In this paper, we investigate the fluctuation impact of human mobility on influenza transmissions through a stochastic differential equation (SDE) model with environmental driving forces through both analytical and numerical analysis. We define a stochastic basic reproduction number R0s through a detailed process of calculations for the SDE model. Through R0s, the conditions for the stochastic extinction and persistence of the influenza disease are identified. We show that an epidemic stationary distribution exists in the case of persistence of influenza disease by constructing an appropriate Lyapunov function. We find that: (1) large environment fluctuations can suppress the outbreak of the influenza; (2) R0s determines stochastic distributions; (3) proper noise perturbations can be beneficial to control the spread of the influenza; (4) high economic capability can prohibit the influenza outbreaks; (5) seemingly irregular but appropriate human mobility response can significantly reduce the epidemic prevalence; (6) the positivity of the minimum intrinsic growth rate of human mobility density is the key factor of the stochastic persistence of the influenza disease.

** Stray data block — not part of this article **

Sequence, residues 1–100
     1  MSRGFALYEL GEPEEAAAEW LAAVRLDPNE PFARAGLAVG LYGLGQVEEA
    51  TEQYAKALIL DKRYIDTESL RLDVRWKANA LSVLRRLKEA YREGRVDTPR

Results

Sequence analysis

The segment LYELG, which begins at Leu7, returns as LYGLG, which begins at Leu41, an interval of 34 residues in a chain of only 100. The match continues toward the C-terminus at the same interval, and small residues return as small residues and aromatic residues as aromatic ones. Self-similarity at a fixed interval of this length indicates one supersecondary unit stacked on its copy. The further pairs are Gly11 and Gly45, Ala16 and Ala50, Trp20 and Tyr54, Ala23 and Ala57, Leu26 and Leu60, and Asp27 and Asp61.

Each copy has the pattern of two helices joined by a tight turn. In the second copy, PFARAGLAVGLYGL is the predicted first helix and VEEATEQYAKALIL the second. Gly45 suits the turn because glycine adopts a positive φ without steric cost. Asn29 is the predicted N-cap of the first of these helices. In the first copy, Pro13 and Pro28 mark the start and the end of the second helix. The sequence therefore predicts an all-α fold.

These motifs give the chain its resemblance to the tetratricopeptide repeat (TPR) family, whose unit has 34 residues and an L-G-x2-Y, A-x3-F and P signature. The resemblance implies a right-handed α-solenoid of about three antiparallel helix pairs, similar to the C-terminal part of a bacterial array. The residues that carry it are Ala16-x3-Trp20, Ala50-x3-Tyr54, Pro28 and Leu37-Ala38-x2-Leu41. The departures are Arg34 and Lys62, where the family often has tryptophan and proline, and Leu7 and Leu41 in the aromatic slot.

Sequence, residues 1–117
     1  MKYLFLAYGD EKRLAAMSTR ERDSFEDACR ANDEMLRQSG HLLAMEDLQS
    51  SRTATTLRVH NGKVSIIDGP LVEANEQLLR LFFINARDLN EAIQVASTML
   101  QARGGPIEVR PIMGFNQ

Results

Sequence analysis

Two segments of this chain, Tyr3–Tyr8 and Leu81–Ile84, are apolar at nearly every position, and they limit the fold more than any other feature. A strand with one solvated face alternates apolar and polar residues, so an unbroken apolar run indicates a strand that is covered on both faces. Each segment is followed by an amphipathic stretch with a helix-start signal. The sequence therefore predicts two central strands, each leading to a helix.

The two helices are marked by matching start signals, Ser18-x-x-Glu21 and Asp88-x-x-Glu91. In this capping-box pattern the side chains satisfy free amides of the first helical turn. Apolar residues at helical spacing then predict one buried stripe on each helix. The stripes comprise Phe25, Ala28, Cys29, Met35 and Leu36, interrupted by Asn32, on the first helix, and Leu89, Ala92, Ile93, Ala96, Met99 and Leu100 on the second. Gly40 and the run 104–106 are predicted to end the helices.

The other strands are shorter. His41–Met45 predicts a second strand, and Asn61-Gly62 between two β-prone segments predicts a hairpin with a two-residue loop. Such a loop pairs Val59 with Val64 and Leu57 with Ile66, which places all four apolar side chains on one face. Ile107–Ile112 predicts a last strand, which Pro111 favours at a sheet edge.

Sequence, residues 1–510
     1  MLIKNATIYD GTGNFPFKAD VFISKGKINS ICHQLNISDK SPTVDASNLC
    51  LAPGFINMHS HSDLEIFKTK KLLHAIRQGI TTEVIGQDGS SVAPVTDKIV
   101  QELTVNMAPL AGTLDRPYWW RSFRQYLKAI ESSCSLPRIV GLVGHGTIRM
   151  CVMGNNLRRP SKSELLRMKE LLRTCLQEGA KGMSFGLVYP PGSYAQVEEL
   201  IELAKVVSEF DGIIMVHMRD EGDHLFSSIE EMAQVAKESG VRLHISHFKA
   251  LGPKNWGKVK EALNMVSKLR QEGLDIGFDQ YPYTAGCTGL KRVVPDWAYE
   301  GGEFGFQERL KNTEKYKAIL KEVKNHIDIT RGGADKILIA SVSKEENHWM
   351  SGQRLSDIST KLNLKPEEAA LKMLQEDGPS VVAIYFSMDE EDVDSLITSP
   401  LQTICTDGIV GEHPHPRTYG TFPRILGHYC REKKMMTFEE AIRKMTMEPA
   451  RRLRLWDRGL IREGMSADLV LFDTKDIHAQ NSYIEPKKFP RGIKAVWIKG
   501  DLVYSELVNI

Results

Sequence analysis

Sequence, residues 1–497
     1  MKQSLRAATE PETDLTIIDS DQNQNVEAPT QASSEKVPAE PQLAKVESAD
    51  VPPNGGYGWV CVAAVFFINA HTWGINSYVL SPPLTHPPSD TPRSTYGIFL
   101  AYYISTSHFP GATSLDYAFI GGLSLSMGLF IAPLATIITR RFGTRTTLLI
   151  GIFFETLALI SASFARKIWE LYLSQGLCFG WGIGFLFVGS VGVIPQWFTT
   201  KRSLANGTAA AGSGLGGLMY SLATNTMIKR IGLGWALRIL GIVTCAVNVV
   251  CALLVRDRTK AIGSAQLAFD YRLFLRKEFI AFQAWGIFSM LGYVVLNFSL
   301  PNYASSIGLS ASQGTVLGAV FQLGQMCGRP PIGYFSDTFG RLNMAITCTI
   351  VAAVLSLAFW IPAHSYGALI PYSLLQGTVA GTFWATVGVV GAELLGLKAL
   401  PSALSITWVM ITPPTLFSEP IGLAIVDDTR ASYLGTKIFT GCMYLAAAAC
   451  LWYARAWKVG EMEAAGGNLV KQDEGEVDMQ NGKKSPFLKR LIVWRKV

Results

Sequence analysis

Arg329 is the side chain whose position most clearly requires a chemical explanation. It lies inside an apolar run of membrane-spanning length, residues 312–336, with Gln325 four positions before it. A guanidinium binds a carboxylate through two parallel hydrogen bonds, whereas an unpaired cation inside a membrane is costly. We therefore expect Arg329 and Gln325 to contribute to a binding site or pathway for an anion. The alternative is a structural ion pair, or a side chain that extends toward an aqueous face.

ASJC Scopus subject areas
- Control and Systems Engineering
- Signal Processing
- Computer Networks and Communications
- Applied Mathematics